On average he is running one set of 6 Dadant frames (the excluded brood nest) and 7 honey supers.
    Here is a brood nest inspection in July.
    6 brood frames (fully utilized) is sufficient.
    https://www.youtube.com/watch?v=0FRfW5ZkGbg

    Pretty sure he said someplace he averages 50kilos from a unit (100-110lbs).
    One very full honey super is about 10 kilos (20 lbs).
    Last edited by GregV; 12-07-2019 at 06:05 PM.
    Former "smoker boy". Classic, square 12 frame Dadants >> Long hive/Short frame/chemical-free experimentations.

  5. #24
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    Default Re: 6-framer - larger-scale, commercial grade, mobile operator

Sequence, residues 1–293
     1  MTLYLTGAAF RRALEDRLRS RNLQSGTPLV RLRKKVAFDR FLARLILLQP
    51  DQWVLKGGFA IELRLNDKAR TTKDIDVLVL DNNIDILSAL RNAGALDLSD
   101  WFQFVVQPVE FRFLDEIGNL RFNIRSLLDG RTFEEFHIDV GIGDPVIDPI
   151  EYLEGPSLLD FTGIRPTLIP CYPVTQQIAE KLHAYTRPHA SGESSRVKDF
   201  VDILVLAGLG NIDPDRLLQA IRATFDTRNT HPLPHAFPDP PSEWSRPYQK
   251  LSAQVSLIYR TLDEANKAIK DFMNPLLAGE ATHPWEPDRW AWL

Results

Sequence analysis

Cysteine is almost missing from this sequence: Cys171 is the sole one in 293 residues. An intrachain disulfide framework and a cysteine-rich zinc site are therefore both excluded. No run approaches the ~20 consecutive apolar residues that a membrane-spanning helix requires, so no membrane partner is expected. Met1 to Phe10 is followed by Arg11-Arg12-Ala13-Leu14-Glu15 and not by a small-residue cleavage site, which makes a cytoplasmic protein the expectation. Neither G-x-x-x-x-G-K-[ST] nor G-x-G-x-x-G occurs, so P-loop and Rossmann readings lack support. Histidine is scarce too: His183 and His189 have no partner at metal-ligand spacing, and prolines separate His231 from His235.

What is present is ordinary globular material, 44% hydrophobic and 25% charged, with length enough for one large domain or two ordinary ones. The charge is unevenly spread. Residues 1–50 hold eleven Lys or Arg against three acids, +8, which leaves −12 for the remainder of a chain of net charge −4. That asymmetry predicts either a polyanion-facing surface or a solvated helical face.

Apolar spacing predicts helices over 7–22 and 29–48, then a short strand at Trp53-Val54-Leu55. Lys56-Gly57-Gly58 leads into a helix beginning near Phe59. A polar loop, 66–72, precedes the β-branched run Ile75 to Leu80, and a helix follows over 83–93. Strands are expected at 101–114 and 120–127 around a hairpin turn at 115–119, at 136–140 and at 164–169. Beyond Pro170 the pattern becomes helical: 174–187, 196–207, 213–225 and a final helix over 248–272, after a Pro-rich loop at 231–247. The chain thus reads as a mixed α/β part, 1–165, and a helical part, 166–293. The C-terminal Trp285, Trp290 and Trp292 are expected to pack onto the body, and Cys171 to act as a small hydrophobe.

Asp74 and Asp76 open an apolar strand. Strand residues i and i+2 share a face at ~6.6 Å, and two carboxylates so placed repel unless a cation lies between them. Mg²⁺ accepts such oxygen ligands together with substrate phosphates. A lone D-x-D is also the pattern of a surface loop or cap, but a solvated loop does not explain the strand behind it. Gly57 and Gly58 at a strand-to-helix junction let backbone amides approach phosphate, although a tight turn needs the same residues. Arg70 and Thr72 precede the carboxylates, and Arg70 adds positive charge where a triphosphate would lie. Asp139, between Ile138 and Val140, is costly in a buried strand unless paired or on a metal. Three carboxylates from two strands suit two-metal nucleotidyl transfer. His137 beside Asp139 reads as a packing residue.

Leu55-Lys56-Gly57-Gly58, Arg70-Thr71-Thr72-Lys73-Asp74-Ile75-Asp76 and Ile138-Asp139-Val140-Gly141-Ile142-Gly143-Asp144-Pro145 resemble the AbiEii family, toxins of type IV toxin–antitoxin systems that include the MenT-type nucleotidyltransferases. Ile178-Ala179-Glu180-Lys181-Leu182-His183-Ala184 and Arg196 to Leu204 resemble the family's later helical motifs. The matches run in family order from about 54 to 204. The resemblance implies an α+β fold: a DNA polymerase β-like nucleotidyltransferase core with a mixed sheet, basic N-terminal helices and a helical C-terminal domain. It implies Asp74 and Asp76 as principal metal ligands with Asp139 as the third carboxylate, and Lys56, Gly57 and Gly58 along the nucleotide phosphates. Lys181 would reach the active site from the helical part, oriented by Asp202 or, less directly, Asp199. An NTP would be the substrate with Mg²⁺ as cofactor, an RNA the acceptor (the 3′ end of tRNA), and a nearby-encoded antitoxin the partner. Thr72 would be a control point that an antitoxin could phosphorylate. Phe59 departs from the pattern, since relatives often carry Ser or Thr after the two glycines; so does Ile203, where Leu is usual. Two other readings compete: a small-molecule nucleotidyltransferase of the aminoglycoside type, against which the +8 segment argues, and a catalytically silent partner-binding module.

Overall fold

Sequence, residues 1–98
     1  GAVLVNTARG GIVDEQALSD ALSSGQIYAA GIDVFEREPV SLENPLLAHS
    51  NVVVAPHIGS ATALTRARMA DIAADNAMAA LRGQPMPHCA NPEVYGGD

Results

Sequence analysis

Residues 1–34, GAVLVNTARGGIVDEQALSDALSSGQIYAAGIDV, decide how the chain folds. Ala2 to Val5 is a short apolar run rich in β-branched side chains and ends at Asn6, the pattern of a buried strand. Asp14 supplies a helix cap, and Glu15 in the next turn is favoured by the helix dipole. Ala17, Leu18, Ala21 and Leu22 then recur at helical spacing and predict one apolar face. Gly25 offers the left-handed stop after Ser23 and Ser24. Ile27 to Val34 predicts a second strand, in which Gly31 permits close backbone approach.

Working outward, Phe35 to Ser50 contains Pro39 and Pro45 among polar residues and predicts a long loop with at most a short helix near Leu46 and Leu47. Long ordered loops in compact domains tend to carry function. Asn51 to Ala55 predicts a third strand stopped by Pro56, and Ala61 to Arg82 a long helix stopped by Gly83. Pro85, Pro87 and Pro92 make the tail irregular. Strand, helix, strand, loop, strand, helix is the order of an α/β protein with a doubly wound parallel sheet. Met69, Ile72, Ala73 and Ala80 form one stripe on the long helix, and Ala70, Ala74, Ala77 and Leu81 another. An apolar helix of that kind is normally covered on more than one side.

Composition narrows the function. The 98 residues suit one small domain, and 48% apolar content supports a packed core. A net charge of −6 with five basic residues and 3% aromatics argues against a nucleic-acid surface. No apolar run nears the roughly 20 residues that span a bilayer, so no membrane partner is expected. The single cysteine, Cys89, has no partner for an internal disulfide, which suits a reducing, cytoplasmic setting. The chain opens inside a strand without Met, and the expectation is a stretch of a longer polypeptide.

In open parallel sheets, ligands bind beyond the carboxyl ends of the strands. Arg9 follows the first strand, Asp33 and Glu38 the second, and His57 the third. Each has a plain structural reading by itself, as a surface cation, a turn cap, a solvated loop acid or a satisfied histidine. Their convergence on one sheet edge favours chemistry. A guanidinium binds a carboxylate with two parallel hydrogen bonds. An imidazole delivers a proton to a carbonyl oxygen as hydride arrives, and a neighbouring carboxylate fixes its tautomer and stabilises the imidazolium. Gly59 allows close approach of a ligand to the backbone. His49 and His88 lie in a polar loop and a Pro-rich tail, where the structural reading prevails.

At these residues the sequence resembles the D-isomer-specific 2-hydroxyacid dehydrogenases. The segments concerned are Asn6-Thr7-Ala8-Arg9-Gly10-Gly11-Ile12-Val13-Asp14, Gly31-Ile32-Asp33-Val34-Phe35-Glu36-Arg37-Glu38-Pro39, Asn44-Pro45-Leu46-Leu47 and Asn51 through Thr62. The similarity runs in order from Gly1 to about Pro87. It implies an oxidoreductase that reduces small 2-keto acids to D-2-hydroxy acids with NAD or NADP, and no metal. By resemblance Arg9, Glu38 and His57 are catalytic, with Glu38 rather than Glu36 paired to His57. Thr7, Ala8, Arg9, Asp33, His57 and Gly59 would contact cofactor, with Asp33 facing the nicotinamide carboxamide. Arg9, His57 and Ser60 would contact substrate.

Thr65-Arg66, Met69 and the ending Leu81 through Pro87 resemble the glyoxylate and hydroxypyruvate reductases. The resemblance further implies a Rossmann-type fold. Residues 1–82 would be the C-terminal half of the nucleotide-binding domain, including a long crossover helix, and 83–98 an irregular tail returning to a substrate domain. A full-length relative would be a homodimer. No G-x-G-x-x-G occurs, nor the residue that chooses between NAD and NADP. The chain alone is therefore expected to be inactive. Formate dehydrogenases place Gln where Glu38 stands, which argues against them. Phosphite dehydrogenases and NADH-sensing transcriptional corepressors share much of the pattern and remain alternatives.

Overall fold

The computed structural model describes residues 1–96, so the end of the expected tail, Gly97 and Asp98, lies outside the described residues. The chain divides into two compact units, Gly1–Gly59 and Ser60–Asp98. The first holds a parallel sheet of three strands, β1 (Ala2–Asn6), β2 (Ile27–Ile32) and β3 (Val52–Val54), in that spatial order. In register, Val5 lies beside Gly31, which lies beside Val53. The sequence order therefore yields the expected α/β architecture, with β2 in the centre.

Hi Greg.

    I found myself reading an account yesterday of the controversy which developed between Heddon - who favoured a contracted 5-frame broodnest - and Dadant who, in contrast, championed a very large size, so as to maximise the queen's output.

    One of Heddon's claims was that pollen (in the form of stored bee-bread) was best left out in the field, so as to maximise both brood and honey production within the hive itself.

    I noticed during the Russian 6-frame inspection that all were very impressive brood combs, and other videos display equally impressive honey combs - but I cannot remember seeing much in the way of stored pollen. I'm sure that guy's area must be very rich in pollen, so this may not be an issue for his particular operation, but I've been wondering whether he has had anything specific to say about pollen storage ?